"The general rule of the common law is that a statute changing the law ought not, unless the intention appears with reasonable certainty, to be understood as applying to facts or events that have already occurred in such a way as to confer or impose or otherwise affect rights or liabilities which the law had defined by reference to the past events."

In Wainwright v Home Office [2002] QB 1334, 1345F, at para 27, Lord Woolf LCJ referred succinctly to:

    "the general presumption that legislation should not be treated as changing the substantive law in relation to events taking place prior to legislation coming into force."

Since statutes which change the substantive law in relation to events in the past can obviously cause serious injustice, the presumption against a statute being intended to have such an effect is powerful - so powerful indeed that any statutory provision, such as section 1 of the War Damage Act 1965, which is intended to apply in this way can be expected to say so expressly. Because such provisions do actually affect the position before the legislation came into force, they can conveniently be described as "retroactive".

Statutes making prospective changes to existing rights

    188. Retroactive provisions alter the existing rights and duties of those whom they affect. But not all provisions which alter existing rights and duties are retroactive. The statute book contains many statutes which are not retroactive but alter existing rights and duties - only prospectively, with effect from the date of commencement. Although such provisions are often referred to as "retrospective", Viscount Simonds rightly cast doubt on that description in Attorney General v Vernazza [1960] AC 965, 975.

    189. The distinction between the two kinds of provision, and the need to have regard to that distinction, were spelled out by the Court of Appeal long ago in West v Gwynne [1911] 2 Ch 1. In that case the plaintiffs were assignees of a lease dating from 1874. The lease contained a covenant by the lessees against underletting the premises or any part thereof without the consent in writing of the landlord. Section 3 of the Conveyancing and Law of Property Act 1892 provided that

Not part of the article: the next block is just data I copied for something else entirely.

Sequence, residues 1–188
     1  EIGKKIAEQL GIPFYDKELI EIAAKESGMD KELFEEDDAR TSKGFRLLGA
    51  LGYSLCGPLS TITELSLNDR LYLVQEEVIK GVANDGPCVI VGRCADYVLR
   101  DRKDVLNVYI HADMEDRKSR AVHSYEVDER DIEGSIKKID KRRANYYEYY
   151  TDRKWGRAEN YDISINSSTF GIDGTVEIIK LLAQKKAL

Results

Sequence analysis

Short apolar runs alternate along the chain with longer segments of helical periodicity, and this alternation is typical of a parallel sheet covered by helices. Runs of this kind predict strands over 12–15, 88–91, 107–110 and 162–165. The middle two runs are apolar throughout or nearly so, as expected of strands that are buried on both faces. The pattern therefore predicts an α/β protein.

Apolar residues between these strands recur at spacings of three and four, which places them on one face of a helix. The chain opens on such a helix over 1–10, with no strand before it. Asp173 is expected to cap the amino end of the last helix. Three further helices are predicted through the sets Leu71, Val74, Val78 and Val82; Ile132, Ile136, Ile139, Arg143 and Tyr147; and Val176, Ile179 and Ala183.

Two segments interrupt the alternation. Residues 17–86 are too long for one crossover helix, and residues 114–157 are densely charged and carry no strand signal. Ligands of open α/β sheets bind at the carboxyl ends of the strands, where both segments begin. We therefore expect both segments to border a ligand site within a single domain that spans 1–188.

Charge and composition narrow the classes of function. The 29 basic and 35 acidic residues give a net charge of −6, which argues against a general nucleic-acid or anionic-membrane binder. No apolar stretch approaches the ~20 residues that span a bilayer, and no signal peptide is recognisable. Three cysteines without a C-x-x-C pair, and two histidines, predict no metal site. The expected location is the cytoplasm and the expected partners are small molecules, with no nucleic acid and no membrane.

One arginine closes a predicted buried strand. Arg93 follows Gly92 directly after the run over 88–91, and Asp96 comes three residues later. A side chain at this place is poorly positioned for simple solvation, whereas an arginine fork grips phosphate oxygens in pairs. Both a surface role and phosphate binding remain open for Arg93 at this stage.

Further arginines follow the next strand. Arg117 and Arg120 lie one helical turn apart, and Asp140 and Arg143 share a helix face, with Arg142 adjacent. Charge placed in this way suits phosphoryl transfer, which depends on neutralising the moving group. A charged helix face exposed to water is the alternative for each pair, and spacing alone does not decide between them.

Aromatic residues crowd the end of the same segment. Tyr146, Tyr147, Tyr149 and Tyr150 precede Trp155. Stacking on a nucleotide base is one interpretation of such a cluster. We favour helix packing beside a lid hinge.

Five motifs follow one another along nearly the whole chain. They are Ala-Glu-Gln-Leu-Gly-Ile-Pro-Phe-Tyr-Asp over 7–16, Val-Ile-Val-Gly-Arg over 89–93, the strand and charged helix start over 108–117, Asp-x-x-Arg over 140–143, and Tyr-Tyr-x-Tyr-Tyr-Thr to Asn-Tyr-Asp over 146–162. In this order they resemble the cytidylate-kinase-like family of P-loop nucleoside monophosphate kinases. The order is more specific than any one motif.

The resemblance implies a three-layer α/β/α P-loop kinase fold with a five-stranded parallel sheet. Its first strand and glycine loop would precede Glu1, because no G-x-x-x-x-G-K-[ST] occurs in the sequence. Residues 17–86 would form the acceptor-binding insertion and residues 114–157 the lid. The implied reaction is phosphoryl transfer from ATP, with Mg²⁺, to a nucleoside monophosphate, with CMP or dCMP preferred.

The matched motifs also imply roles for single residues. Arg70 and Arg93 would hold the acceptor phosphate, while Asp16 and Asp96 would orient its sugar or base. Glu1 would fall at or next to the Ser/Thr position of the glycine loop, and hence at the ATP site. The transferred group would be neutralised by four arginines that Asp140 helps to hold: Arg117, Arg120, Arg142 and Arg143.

"In all leases containing a covenant … against … underletting … the land or property leased without licence or consent, such covenant … shall, unless the lease contains an expressed provision to the contrary, be deemed to be subject to a proviso to the effect that no fine or sum of money in the nature of a fine shall be payable for or in respect of such licence or consent…."

In 1909 the plaintiffs applied to the defendant landlord for his consent to a proposed underlease of part of the premises but he replied that he was prepared to grant a licence only on condition that he should receive for himself half of the sum by which the rent of the underlease exceeded the rent payable under the lease. The plaintiffs sought a declaration that the defendant was not entitled to impose the condition. The question was whether section 3 of the 1892 Act applied to a lease executed before the commencement of the Act. The Court of Appeal held that it did.

    190. Cozens-Hardy MR said this, [1911] 2 Ch 1, 11:

    "It was forcibly argued by Mr Hughes that a statute is presumed not to have a retrospective operation unless the contrary appears by express language or by necessary implication. I assent to this general proposition, but I fail to appreciate its application to the present case. 'Retrospective operation' is an inaccurate term. Almost every statute affects rights which would have been in existence but for the statute. Section 46 of the Settled Estates Act 1877 … is a good example of this. Section 3 does not annul or make void any existing contract; it only provides that in the future, unless there is found an express provision authorizing it, there shall be no right to exact a fine. I doubt whether the power to refuse consent to an assignment except upon the terms of paying a fine can fairly be called a vested right or interest. Upon the whole I think section 3 is a general enactment based on grounds of public policy, and I decline to construe it in such a way as to render it inoperative for many years wherever leases for 99 years, or it may be for 999 years, are in existence."

Buckley LJ observed, [1911] 2 Ch 1, 11 - 12:

    "During the argument the words 'retrospective' and 'retroactive' have been repeatedly used, and the question has been stated to be whether section 3 of the Conveyancing Act 1892, is retrospective. To my mind the word 'retrospective' is inappropriate, and the question is not whether the section is retrospective.

    Retrospective operation is one matter. Interference with existing rights is another. If an Act provides that as at a past date the law shall be taken to have been that which it was not, that Act I understand to be retrospective. That is not this case. The question here is whether a certain provision as to the contents of leases is addressed to the case of all leases or only of some, namely, leases executed after the passing of the Act. The question is as to the ambit and scope of the Act, and not as to the date as from which the new law, as enacted by the Act, is to be taken to have been the law.